Landscape paintings

During the 18th century, John Constable’s landscape paintings were revolutionary. They changed the genre of landscape painting and introduced novel techniques and colors to the art world. In addition to changing the way that we see the English countryside, Constable’s works were important to Romanticism as a whole.

The technique of using oil paint to create a painting from start to finish was not a new idea, but John Constable’s unique style of representation was. His work demonstrates his commitment to close observation of nature, and his determination to convey the truth. He was also a pioneer of realistic depictions of the natural world.

The first major painting that Constable created was when he was 26 years old. He painted the Hay Wain from the River Stour. This painting is one of his most famous and well-known works. It demonstrates his ability to capture the immediacy of cumulus showers. He used a technique of breaking down his brushstrokes to achieve the effect.

Another important invention of Constable’s was his use of the full-size preparatory oil sketch to balance colour and light in his paintings. He believed that contrast of dark and light was a key aspect of landscape painting. He was particularly interested in the ways that light and shadow could be manipulated to portray the fleeting effects of movement.

He developed his own unique style of representation, one which showcased the glory of nature. He painted scenes in rich, complex colors. He also made many open-air sketches of the landscapes he saw. He exhibited his works at the Royal Academy in 1802 and 1807. But his exhibitions did not attract much attention from the public. He failed to find sufficient buyers for his landscapes. He turned to portraiture to supplement his income.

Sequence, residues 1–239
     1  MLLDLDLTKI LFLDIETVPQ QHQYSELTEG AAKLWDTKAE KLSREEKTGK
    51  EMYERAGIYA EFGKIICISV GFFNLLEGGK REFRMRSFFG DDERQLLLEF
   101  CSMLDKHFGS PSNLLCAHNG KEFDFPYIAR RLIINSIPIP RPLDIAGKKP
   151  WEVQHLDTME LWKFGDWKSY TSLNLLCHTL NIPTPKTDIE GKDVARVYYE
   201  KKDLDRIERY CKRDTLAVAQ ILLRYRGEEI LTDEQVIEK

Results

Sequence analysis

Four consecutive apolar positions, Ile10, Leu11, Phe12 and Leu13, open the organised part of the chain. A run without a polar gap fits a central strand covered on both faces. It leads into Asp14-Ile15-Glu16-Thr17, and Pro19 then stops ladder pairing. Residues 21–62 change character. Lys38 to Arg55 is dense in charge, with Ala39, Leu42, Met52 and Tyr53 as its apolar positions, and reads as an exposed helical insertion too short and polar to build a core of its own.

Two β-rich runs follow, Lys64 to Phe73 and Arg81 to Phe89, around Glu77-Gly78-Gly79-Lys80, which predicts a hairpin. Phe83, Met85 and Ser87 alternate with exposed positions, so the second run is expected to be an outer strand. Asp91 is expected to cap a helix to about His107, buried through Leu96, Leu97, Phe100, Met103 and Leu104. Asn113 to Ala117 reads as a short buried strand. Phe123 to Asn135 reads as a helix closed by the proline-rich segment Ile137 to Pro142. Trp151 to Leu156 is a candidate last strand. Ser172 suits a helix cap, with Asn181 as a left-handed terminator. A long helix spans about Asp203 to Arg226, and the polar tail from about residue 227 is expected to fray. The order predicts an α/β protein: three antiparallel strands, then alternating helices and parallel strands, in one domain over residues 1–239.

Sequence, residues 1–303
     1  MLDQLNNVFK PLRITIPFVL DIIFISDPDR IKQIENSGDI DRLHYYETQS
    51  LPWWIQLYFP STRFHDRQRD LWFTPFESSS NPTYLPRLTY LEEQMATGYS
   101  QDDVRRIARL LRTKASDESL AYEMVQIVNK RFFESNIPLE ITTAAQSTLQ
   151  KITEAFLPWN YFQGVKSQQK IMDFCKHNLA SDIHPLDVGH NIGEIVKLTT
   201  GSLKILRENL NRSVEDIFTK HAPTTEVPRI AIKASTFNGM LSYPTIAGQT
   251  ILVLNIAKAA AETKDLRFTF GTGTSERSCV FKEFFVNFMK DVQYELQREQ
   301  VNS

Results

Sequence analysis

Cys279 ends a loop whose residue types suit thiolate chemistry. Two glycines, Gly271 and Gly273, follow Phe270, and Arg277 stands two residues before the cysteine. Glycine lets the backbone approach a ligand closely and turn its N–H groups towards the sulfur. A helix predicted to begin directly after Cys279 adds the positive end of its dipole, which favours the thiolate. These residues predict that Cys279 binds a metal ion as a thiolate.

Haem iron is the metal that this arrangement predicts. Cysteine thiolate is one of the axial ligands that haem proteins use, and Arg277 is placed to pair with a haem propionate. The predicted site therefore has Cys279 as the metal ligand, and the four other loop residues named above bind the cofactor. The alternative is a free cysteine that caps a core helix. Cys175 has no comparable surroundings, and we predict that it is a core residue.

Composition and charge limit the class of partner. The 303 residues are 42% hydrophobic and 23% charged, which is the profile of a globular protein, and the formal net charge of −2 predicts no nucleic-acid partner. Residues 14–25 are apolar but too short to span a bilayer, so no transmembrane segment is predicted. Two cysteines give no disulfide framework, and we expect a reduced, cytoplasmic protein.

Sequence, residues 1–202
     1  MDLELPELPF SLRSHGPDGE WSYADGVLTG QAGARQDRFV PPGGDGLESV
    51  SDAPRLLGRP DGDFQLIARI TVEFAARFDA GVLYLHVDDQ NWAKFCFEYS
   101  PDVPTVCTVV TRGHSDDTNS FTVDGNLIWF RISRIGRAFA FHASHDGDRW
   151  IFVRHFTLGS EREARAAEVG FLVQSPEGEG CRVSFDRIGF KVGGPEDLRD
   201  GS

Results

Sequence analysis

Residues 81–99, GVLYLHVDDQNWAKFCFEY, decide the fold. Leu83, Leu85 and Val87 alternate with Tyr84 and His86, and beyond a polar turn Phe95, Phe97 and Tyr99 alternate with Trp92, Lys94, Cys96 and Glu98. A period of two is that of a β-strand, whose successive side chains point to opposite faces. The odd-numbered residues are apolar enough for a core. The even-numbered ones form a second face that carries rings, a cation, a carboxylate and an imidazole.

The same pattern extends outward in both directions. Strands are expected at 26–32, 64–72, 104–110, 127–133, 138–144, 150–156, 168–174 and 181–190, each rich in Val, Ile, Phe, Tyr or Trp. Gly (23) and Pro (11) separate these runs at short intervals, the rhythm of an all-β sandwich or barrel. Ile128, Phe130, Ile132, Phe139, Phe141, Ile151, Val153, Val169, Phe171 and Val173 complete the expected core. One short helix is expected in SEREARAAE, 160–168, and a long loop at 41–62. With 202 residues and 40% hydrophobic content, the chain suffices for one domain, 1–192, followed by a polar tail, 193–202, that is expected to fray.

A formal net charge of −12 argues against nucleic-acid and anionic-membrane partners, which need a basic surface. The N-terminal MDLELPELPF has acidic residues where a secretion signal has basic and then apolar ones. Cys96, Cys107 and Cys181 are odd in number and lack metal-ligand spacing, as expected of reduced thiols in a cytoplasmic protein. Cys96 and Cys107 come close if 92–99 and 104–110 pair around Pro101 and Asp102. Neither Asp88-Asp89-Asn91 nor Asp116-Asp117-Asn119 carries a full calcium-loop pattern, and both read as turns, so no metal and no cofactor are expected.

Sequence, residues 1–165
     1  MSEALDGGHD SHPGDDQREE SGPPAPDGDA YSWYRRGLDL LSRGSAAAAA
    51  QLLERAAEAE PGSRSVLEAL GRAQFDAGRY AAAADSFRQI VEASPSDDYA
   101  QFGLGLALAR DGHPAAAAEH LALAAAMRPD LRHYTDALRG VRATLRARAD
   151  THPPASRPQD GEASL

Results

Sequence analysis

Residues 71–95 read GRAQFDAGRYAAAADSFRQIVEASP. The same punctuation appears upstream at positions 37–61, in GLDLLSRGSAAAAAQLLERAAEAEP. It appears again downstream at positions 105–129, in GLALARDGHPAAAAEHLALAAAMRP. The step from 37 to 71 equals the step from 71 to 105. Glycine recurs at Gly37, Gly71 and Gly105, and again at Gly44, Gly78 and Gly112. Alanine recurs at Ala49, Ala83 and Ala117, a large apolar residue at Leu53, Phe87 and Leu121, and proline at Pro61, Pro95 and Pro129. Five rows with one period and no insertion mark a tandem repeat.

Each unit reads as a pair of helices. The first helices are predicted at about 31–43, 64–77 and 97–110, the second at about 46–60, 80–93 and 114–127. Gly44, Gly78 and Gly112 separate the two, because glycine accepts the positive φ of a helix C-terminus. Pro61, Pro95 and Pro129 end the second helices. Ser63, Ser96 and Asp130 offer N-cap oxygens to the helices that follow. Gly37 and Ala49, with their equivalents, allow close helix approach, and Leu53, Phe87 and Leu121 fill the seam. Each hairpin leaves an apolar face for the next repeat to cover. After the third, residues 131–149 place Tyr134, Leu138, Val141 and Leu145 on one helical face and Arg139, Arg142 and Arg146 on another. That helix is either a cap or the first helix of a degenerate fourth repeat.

Although his landscape paintings are not widely recognized today, they have influenced other landscape painters. His large sketches have been viewed as a precursor to the Impressionists thirty years later. His oil sketches show his experimental approach to painting. His technique is evident in his large paintings.

His earliest works reveal the compositional influence of the ancient masters. He was the first artist to develop an effective method of depicting atmospheric effects. He was also the first to demonstrate the power of using the brush to portray the fall of light.


During his lifetime, John Constable painted over one hundred portraits. He was a British landscape painter and a member of the Royal Academy. He also taught at the Royal Institution. His portraits were characterized by great sensitivity. He was considered to be a mirror of nature.

A number of his paintings are also included in major collections. These works are a reflection of Constable’s desire to paint what he saw. They are very realistic and refreshingly honest. They show the real personality of the sitter.

The style of Constable’s early paintings demonstrates the compositional influence of the old masters. However, his painting was later influenced by the Barbizon School, which was founded by Jean-Baptiste-Camille Corot. This group of artists worked to establish Realism in French landscape painting. They later influenced Impressionist painters.

John Constable was born in East Bergholt, Suffolk. His father was a successful agricultural businessman. He and his wife Maria moved to Brighton in 1824 to enjoy the fresh air. They stayed there for four years. They returned to London in the winter. They also visited Salisbury and Arundel. They made occasional trips to other parts of the south of England.

In the summers, Constable spent time at East Bergholt, where he sketched from nature. He also visited the Lake District. His sketches, which were not as detailed as his canvases, captured the change in the elements of the countryside. His overall goal remained the same, whether the image was displayed on a canvas or a sketch.

His style, which was largely self-taught, showed an increasing interest in oil medium by 1810. His works from this period display his innovative touch. He was a pioneer in the use of broken brushstrokes that created glistening light. He also used distinctive flecks of white paint on water in the foreground. This technique became the hallmark of his artistic style.

During his lifetime, his works were not very popular. He struggled to find buyers for his landscapes. He exhibited at the Royal Academy in 1802, but failed to attract the attention of the public. He later exhibited three paintings at the 1824 Paris Salon.